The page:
John Green, 2015

Notes on John Green’s Visit to Central Library

John Green received the Vonnegut Award at the Central Library on September 14, 2015 to a full house in the Clowes Auditorium.  The presentation was in conjunction with our sister city, Cologne, Germany, where librarians, teachers and high school students gathered to watch and hear John in real time via Skype. 

The first half of John’s presentation was about Kurt Vonnegut, but it was interwoven with his own life, reading and work. 

On reading Kurt Vonnegut:  If you’re reading him in high school, you’ll find them funny, but I recently reread them and found them horrifically sad.

I heard him speak in 1994 in Alabama.

On living in Indianapolis: I love living here, I love writing here, I love having kids here.  I love Indianapolis because it’s the most American city that I know of. 

John was born here, at St. Vincent Hospital.  Six days later, his dad fulfilled his lifelong ambition and “moved the hell out Indianapolis.”  He added that his parents and friends, and even his 15 year old self, are appalled that he and his wife chose to move here when his wife was offered a job at the Indianapolis Museum of Art.  When he returned the U-Haul truck they had rented to move to their place near 86th and Ditch, the guy at the desk asked if he had just moved here, and John said yes, and asked how he liked it.  The guy said, “well, you gotta live somewhere.” 

On one’s direction in life:  This will make no sense unless you first watch Norm MacDonald’s Moth Joke, which John told better in real life!

We go because the light is on.  Why did I move to Indianapolis?  Because the light was on. 

He cautioned that you can’t just follow the light because “it will inevitably lead you astray.”  You do have to make some choices besides following the light.

On melancholy:  Melancholy is an appropriate response to the world in which we find ourselves.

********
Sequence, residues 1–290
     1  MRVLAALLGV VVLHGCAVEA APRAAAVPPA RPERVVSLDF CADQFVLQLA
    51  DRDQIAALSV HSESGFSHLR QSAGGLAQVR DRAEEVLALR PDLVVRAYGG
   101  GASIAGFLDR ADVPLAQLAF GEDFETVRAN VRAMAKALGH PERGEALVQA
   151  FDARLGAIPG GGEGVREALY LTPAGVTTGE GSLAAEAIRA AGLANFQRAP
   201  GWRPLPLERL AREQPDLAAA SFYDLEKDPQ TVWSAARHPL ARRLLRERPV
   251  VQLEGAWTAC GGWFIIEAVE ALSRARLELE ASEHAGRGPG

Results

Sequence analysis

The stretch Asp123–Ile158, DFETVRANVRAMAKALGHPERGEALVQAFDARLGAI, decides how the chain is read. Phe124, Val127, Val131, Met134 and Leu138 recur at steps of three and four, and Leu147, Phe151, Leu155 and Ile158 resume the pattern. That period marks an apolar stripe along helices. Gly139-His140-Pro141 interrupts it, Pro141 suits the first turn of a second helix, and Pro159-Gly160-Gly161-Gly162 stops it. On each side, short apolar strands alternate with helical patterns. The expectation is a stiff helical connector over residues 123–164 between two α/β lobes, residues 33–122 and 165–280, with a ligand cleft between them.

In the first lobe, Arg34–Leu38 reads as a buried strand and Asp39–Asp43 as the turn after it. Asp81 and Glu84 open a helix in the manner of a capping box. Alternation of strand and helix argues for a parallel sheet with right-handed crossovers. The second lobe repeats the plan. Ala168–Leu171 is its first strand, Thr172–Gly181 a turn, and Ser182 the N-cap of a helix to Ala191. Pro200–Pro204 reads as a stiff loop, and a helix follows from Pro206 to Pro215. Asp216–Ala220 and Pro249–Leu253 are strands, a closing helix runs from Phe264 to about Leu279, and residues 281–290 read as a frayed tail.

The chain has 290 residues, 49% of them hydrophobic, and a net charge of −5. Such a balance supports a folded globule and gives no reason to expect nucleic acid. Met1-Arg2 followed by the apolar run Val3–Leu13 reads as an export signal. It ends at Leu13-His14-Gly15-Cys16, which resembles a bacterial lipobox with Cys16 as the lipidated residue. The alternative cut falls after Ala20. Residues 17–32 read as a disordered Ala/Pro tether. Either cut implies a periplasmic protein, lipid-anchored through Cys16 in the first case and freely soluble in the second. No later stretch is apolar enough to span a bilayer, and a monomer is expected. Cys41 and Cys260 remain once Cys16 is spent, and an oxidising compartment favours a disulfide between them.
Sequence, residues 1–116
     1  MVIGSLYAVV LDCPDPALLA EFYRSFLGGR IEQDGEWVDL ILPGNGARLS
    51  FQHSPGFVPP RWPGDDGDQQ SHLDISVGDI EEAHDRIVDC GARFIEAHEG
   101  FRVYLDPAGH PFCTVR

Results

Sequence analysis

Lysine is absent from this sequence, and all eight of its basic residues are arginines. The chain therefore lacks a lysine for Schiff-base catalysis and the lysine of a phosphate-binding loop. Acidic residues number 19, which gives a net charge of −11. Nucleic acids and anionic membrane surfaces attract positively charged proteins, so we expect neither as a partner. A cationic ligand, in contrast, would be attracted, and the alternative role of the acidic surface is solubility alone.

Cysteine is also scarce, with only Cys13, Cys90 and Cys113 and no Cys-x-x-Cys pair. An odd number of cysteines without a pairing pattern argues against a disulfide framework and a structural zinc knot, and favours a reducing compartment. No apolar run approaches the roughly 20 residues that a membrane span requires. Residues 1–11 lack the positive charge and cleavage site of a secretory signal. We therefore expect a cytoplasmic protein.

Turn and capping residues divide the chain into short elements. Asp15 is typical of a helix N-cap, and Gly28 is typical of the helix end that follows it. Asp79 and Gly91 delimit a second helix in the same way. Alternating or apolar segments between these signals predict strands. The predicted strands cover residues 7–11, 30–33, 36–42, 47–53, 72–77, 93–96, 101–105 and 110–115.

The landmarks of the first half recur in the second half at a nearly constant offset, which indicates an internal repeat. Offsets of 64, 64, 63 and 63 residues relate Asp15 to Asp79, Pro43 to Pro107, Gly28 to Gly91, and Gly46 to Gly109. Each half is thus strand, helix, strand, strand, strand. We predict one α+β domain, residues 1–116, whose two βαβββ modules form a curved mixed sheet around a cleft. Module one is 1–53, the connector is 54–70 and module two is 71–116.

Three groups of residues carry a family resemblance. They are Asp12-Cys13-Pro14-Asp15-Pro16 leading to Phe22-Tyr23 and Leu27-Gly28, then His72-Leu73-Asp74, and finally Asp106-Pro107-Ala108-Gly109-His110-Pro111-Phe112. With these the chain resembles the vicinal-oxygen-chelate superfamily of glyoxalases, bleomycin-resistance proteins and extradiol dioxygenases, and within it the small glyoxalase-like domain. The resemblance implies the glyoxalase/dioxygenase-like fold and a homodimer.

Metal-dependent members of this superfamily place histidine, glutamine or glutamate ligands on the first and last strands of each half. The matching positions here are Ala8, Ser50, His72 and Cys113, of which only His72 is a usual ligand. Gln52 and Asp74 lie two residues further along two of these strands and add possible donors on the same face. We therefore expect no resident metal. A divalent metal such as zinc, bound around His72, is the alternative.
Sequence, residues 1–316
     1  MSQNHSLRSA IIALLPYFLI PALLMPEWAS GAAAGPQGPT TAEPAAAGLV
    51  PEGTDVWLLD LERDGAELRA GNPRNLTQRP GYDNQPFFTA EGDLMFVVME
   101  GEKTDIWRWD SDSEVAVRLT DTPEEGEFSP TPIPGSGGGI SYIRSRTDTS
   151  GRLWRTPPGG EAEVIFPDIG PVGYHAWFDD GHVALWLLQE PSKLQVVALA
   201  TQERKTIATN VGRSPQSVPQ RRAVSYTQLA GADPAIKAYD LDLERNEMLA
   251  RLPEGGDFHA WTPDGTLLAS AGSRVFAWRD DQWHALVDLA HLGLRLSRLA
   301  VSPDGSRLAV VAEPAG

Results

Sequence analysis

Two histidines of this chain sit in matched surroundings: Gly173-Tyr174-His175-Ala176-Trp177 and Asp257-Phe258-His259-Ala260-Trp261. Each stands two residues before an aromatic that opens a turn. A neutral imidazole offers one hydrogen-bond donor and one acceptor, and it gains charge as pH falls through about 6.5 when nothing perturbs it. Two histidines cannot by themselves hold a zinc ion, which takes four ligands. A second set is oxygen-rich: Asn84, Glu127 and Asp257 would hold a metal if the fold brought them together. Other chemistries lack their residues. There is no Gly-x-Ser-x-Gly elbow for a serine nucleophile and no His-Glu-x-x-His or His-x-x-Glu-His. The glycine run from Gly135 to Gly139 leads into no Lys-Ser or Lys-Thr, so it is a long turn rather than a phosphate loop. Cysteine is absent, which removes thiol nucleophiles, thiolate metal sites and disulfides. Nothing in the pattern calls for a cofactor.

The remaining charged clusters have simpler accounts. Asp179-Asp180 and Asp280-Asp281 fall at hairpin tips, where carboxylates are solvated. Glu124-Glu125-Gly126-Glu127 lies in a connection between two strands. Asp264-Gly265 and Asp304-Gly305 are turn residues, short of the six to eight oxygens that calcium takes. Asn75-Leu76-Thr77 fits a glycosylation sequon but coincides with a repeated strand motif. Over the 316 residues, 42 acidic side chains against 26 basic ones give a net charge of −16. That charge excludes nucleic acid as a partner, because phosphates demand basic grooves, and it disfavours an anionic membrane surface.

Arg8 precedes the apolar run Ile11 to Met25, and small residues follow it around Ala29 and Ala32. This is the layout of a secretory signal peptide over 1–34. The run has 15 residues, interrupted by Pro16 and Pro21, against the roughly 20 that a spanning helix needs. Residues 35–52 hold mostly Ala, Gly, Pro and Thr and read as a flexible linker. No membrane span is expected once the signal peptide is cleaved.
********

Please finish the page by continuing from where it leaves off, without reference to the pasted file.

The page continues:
He described Vonnegut’s world, the darkness of his novels, and the stupidity of violence and war.   He said it is hard to talk about this pain, the pain that he feels in the center of himself, and can only approach it by analogy.  When he was young, he had bad ear infections, and constantly tugged on his left ear.  His mom asked him if that made him feel better, and she said “well, quit pulling on it.”  But he couldn’t.  His melancholy is like that – he can’t not touch it.

On his own social order: 

He gave a great description of his social order, and how it was similar to Vonnegut’s.  I missed all but this one part:

He described his social order as setting some people up as gods and dehumanizing them, while setting other people up as “other” and dehumanizing them as trash, unworthy of notice.

On reading:  He loves Toni Morrison and Sherman Alexie.  When he was young, Robert Pen Warren’s All the King’s Men was really important to him.  Toni Morrison’s Song of Solomon feels so read inside of its world.  He also noted Vonnegut’s Cat’s Cradle and J.D. Salinger’s Catcher in the Rye, as books that shaped him as a young man.  Other authors he mentioned were Jane Austen, and ????

Today, he reads everything.  He loved the Babysitters Club, and said he had just finished rereading Claudia’s Sad Good-bye about the death of her grandmother.  He said it was great description of grief, and, besides, it was only 60 pages.  He also reads romance novels, especially Edwardian romance novels.

For aspiring writers:  Read stuff that you like, read stuff that you hate.  It’s helpful to read bad novels so you can see how they pull the strings.

Reading allows you to discover the inner workings of writing, and is “the only way a writer can apprentice.” 

On his own writing:  Asked to choose the favorite novel he had written, he said he love Fault in Our Stars, but Looking for Alaska was his first novel.  He said he was “deeply emotionally engaged in the story” because it is autobiographical.  The characters attend a boarding school in Alabama, as did he and his wife – that’s where they met.